Q. When will “Dallas” start its new season? The cliffhanger last year was whether Christopher Ewing survived his car explosion.
— Betty Cathers, of Belleville
A. It must have been a terrible shock for Dallas fans to watch the adopted son of Bobby and ex-wife Pamela apparently being incinerated while Elena, who had just discovered she was pregnant, is left screaming in horror on the parking lot.
But an even worse bombshell came two weeks later. Last Oct. 3, the TNT network announced that it was pulling the plug on the revival of the popular 1980s soap opera after three seasons. So whether young Christopher really did die in the explosion will be going with executive producers Cynthia Cidre and Michael Robin to their own graves — at least for now.
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“We are extremely proud of the series, which defied expectations by standing as a worthy continuation of the Ewing saga,” a TNT spokesman said in announcing the cancellation of the soap opera about the wealthy Ewing oil barons and their many peccadillos. “We want to thank everyone involved with the show, from the extraordinary cast to the impeccable production team ... We especially want to think the people of Dallas for their warm and generous hospitality.”
At first, old “Dallas” fans gave the show, which centered on the next generations of the Ewing clan, Texas-sized ratings. On June 13, 2012, nearly 7 million viewers tuned in for the premiere. By comparison, the original “Dallas” hooked more than 20 million for much of its 14-season run, but the cable numbers still were plenty strong for a quick renewal for season two. And when original star Larry Hagman died in late 2013, viewership spiked again for an episode that featured his character J.R.’s funeral.
But after opening its third and final season in the spring of 2014 with 2.7 million viewers, the now J.R.-less show plunged, losing more than a third of its viewers to a low of 1.7 million by the last of its 40 episodes on Sept. 22. Looking for a younger audience and even edgier programming, TNT opted to dump it.
That wasn’t quite the end of it. “Dallas” followers took to social media to beg TNT to reconsider. In the meantime, the producers were hoping a streaming service or another network such as the CW would pick it up. But the show apparently did not fit into financial framework of a Netflix or the age demographics of a CW. So after a six-week effort, Cidre and Robin drove in the final stake on Nov. 19.
“Well, we have come to the end,” they wrote their fans. “Warner Horizon has attempted, in a Herculean way, to try and find us a new home, but at the end of the day it did not work out. We so appreciate the outpouring of support by all of you, and the #SaveDallas campaign was a truly remarkable undertaking. We cannot fully express how much we loved making this show for you and with you. ... Thank you again for loving ‘Dallas.’”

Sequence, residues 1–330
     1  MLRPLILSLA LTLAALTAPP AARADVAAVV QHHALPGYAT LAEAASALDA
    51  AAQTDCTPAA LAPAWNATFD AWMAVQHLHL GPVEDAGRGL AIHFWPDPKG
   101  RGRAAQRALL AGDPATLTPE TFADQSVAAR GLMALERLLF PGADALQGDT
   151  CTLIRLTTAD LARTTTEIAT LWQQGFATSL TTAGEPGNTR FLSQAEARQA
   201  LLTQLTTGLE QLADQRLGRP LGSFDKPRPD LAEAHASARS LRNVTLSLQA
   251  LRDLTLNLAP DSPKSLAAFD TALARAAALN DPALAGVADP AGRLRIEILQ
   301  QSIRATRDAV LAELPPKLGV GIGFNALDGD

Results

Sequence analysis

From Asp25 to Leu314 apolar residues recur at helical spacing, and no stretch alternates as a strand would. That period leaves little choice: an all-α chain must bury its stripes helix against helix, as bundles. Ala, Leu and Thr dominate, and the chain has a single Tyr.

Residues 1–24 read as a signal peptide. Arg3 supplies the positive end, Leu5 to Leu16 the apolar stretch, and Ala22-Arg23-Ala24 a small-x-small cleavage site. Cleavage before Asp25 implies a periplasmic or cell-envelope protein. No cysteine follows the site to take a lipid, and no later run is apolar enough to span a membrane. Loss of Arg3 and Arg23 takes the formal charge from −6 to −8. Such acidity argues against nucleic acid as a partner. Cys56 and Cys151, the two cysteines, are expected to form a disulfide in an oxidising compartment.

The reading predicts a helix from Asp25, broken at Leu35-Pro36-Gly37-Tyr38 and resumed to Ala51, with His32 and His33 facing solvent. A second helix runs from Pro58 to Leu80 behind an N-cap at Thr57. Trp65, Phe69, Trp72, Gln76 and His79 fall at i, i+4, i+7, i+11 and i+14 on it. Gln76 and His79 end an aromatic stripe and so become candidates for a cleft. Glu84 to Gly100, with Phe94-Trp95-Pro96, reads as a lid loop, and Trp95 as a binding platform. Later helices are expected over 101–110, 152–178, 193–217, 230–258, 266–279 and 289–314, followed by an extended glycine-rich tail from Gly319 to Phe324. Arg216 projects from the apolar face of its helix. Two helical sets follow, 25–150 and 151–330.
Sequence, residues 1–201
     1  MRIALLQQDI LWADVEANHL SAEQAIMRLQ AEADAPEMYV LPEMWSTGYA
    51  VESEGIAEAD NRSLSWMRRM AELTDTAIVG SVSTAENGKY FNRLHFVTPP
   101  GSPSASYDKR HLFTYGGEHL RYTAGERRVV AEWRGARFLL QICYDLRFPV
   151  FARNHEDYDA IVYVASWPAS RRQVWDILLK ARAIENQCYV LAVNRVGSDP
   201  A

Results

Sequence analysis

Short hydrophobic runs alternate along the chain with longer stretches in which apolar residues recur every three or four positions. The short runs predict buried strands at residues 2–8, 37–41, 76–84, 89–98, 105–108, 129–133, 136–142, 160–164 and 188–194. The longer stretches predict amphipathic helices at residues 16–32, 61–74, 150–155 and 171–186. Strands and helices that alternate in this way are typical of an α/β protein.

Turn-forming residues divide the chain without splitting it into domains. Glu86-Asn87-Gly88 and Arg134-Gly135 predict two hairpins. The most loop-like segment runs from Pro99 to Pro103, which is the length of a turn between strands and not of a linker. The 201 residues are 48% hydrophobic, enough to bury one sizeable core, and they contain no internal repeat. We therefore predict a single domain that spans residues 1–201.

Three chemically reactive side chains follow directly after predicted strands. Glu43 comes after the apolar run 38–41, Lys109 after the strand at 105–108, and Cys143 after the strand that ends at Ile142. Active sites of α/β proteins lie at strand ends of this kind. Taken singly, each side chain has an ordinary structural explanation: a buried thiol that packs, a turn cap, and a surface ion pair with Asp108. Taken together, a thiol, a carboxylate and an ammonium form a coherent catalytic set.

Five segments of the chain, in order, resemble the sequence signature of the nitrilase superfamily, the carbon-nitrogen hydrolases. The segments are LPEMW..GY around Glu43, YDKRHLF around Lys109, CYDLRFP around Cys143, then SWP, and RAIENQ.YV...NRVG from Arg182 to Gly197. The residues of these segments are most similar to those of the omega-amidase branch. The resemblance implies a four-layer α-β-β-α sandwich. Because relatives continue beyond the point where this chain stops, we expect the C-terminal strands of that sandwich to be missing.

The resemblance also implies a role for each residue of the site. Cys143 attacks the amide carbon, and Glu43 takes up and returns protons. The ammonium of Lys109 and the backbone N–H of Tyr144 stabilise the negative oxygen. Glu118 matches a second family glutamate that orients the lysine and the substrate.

Q. Is the city of Belleville ever going to finish its work around Union Avenue and South Eighth Street? The streets have looked horrendous for months now, and nothing has been happening for weeks.
— M.S., of Belleville
A. I’m sure you’ve heard “I’ve Been Working on the Railroad.” Well, right now Tim Gregowicz, the city engineer, is singing, “I’ve Been Waiting on the Railroad.” He says the city can finish the project in a matter of days, but it needs approval to do some alterations around the tracks at Eighth and West Lincoln streets.
“What we’re waiting on is for the railroad to sign off on the right-of-entry permit,” Gregowicz told me Tuesday. “We have some drainage structures that we have to raise there, because we’re going to raise the roadway at the railroad tracks to make it a smoother transition. So right now we’re just waiting on the railroad. I have an e-mail into them this morning.”
It’s been a year since the city started the $650,000 project, which was designed to install new sidewalks and curbs, separate the storm-water and sewer pipes and repave both South Eighth Street from the railroad tracks to Gass Avenue and Union Avenue from Eighth to 10th Street. Once the railroad gives its go-ahead, Gregowicz says the work probably will be completed within two weeks — a week or so for the curbing and drainage structures and a day or so for the paving.
“It’s hard to say (exactly), but we’re going to have it done before the summer is up,” Gregowicz said.
Until then, it appears my cycling adventures in the area will remain a little treacherous.
How did the Sistine Chapel at the Vatican acquire its name?
Answer to Wednesday’s trivia: Talk about your diamonds in the rough! In 1924, Wesley Oley Basham, a worker at the Arkansas Diamond Corp., stumbled on a 40.23-carat monster at the Prairie Creek pipe mine near Murfreesboro, Ark. Cut not once but twice by Schenck & Van Haelen, of New York, it was turned into a 12.42-carat, emerald-cut beauty and remains the largest diamond ever found in the United States. It’s called the Uncle Sam diamond — but perhaps not for the reason you might think. It is said that Basham’s nickname was Uncle Sam, so it was named after the finder. (Others, however, insist the name comes from the popular personification of the United States.) Whatever the real story, Sidney de Young, a Boston diamond dealer, acquired it in 1971 and reportedly sold it to an anonymous private collector for $150,000. The mine where it was found is now the Crater of Diamonds State Park, the only public diamond mine in the world. Since the site became a state park in 1972, tourists have taken home nearly 30,000 diamonds as souvenirs.
Send your questions to Roger Schlueter, Belleville News-Democrat, 120 S. Illinois St., P.O. Box 427, Belleville, IL 62222-0427, email@example.com or call 618-239-2465.